Turkmenistan kept it under wraps until the last possible moment, but in the end, President Serdar Berdymukhamedov did acquiesce to attending Victory Day celebrations in Moscow on May 9.
Accepting such invitations from Vladimir Putin carries a particular charge these days now that the Russian leader is no run-of-the-mill global pariah. Since March, Putin has been the object of an arrest warrant issued by the International Criminal Court.
Willingness to be seen in public with Putin indicates at least some degree of solidarity with a figure whose actions have caused death and destruction on an unimaginable scale in Ukraine. Berdymukhamedov was not alone, however. All four fellow Central Asian leaders, along with Armenia’s Prime Minister and the Belarusian president, turned up too.
While some of those leaders are attending more out of submissiveness than respect, Russo-Turkmen ties are legitimately solid. Russian dignitaries pass through Ashgabat on a highly frequent basis.
On May 4, it was the turn of deputy Foreign Minister Mikhail Galuzin, who met his opposite party, the acting Foreign Minister Vepa Khadzhiyev, who is currently backstopping for his vacationing boss. The sheer tedium of their stated agenda – described vaguely in an official statement as a discussion on political, trade, economic, cultural, and humanitarian cooperation – is a useful illustration of how intimate this relationship has become. Diplomatic watch-synchronizing has become so customary between these partners that no special reasons are required for a high-level consultation. Reading between the lines, though, it seems likely that plans for Berdymukhamedov’s trip to Moscow featured heavily in the conversation.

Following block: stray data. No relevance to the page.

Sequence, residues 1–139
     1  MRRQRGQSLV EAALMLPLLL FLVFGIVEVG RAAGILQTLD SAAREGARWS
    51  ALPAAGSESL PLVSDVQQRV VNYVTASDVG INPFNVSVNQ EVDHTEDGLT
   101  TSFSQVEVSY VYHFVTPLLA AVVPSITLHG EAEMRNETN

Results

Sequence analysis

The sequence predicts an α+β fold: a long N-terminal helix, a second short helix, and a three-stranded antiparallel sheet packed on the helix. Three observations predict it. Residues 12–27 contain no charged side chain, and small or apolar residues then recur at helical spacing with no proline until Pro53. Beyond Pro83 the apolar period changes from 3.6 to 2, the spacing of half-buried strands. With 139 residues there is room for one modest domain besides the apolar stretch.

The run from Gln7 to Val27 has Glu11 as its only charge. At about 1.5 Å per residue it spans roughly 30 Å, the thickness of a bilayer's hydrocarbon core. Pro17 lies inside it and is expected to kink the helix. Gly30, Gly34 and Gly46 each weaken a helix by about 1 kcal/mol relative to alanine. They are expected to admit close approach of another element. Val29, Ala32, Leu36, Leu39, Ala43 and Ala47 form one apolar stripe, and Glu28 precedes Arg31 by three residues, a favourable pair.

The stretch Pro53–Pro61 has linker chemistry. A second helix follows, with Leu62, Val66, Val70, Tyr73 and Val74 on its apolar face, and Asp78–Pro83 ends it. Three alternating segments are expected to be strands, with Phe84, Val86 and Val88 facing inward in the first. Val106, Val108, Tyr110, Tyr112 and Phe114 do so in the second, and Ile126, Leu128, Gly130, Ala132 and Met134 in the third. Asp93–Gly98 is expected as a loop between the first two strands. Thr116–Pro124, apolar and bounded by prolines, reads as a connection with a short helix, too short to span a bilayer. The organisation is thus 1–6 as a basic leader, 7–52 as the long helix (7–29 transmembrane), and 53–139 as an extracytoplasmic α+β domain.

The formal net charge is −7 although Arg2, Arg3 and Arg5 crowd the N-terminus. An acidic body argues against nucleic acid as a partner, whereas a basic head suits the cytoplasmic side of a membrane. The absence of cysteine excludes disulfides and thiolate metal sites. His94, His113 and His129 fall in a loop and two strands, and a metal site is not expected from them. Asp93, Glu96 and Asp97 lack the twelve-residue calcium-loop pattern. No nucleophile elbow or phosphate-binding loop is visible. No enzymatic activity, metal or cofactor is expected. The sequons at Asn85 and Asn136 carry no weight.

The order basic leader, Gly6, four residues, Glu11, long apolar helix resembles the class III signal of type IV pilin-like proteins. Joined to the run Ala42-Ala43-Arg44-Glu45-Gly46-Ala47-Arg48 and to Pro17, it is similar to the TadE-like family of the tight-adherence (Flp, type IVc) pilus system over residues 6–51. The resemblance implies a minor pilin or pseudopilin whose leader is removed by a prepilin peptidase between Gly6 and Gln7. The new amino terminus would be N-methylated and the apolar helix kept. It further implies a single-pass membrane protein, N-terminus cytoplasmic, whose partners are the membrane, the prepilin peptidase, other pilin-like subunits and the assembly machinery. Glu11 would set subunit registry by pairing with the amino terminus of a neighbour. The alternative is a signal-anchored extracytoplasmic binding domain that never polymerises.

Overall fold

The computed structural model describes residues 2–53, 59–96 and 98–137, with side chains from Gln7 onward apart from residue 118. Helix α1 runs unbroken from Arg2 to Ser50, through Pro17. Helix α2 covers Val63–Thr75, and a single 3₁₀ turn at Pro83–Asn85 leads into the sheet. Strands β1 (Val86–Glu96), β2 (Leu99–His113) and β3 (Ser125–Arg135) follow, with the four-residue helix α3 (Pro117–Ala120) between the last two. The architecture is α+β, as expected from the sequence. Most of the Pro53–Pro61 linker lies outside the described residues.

Moscow looks eager, moreover, to edge out any rival contenders to the title of security guarantor to Turkmenistan. In a Victory Day note to Berdymukhamedov that was published in the daily Neutral Turkmenistan newspaper, Putin expressed his hope that the “traditions of martial brotherhood and mutual assistance toughened through severe military tests over the years will continue to contribute to the fruitful development of [our] friendship and in-depth strategic partnership.”
What historic “severe military tests” Putin had in mind is not clear. Turkmenistan loudly proclaims its neutrality at every opportunity it gets and has never publicly admitted to engaging in joint military operations with any partner, including Russia.